Last week, I had my first experience of my company’s Impact Day “in which team members take a day to work outside of the office to give back to our local community.” We volunteered at the the Mobile Hackathon for Good, which the WebVisions Atlanta program described as:
Join mobile app development experts, developers and designers in an all day Mobile Hackathon for social good. The day will begin with short presentations by educators and representatives from non-profit organizations, followed by informational sessions on building apps for Windows Phone and other mobile platforms.
We had two charities proposing app ideas for us, but only one of them had specific tasks with loose requirements. Unfortunately, those oracles were not able to stay with us all day due to their regularly scheduled charitable duties, so we were left with concrete examples of activities that would benefit from a mobile app but no way to discover additional information, though I did get a chance to informally chat with a couple of the representatives before the schedule for the day began. I have volunteered with local charities through Hands On Atlanta before, so I knew from experience how frustrating it can be to part of a large group of volunteers waiting on manual, hard-copy check-in to start our volunteer work. That sounded like a good problem to tackle.
The technical informational sessions filled the morning of our “all day” Mobile Hackathon, leaving us with only 4 hours to build apps for the Windows Phone Marketplace, which none of us had done before. Although I do enjoy a good discussion on design and how to execute it well, as you can see from my tweets, I think concentrating on design was a lofty goal for such a compressed timeline. I wanted to incorporate the principles James Ashley advocated, but I first wanted to have some small piece functionality built up, such as navigating between screens. Also, I got a bit lost in the Expression Blend styles and had to have Shawn sort me out.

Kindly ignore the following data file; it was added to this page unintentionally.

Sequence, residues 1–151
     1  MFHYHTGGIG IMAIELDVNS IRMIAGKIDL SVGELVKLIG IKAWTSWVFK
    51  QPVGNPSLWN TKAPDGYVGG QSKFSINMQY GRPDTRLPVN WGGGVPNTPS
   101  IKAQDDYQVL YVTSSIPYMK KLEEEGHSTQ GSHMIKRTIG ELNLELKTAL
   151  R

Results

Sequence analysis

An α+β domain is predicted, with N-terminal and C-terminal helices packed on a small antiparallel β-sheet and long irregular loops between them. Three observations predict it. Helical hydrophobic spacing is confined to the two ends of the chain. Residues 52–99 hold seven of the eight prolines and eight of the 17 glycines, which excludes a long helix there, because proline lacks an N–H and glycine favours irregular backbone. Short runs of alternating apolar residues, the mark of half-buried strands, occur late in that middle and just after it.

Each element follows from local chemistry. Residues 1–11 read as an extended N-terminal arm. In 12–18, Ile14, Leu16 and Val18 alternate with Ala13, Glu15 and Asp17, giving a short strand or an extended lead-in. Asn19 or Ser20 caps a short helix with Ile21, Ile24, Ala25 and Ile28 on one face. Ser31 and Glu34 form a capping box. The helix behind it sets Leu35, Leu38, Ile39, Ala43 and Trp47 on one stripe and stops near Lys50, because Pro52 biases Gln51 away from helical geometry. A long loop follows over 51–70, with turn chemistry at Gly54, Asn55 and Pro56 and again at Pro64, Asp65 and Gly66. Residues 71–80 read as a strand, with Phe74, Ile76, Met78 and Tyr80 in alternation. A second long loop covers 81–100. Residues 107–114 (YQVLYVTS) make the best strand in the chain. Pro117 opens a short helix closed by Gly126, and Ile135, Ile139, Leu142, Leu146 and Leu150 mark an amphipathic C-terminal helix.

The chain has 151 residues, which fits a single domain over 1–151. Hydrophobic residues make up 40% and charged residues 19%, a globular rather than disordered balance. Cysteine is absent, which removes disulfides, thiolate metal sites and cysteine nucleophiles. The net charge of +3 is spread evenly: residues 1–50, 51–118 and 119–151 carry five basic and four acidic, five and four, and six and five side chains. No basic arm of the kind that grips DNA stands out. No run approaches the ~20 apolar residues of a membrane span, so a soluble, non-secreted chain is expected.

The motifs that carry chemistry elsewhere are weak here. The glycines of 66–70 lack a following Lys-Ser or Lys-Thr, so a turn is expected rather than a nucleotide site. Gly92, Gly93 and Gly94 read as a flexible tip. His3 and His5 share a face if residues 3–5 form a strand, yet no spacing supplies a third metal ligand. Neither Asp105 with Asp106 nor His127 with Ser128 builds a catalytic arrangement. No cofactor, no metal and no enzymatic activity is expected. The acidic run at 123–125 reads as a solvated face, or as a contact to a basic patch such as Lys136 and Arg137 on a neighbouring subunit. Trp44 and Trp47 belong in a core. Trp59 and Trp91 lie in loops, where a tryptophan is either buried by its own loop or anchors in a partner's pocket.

I think we had about a dozen folks on the Mobile Hackathon implementation crew, and we ended up informally splitting into two groups. About half of us did some whiteboard sketching and discussion of what we wanted the software to do. We had competing designs that were successively refined through an hour of discussion, leaving us only 3 hours to implement. We had many desired features and modes of entering volunteer data, but none of them fit well within our very limited time box, so we ended up abandoning the goal of adding people on site at the project location. We needed to focus on a very narrow implementation goal first. And as it turned out, we didn’t have very many developers present and not all had their own laptops installed with the Visual Studio 2010 Express for Windows Phone that we were to use as a development environment with either Visual Basic or Visual C#.
I profited the most from Shawn’s practical demonstration of building an app in a short period of time, which encouraged me to open up the software. I started several prototypes to explore the various installed templates, trying to get a feel for how to begin organizing the work. Figuring out where to start coding proved to be more of a hurdle for me, not being a programmer by profession, though once upon a time I was a Visual Basic coder for my employer while a co-operative degree student at Georgia Tech.